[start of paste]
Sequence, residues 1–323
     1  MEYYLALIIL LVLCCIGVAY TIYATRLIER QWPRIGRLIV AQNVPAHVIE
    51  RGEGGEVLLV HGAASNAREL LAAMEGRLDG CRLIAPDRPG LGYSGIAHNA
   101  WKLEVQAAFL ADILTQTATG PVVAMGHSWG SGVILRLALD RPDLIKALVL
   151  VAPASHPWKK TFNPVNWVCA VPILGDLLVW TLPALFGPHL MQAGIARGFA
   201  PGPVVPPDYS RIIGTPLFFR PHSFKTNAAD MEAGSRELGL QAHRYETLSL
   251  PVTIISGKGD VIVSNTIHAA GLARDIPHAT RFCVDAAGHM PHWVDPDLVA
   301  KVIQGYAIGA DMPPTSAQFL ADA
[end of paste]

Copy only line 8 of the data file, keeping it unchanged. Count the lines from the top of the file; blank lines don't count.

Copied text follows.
   301  KVIQGYAIGA DMPPTSAQFL ADA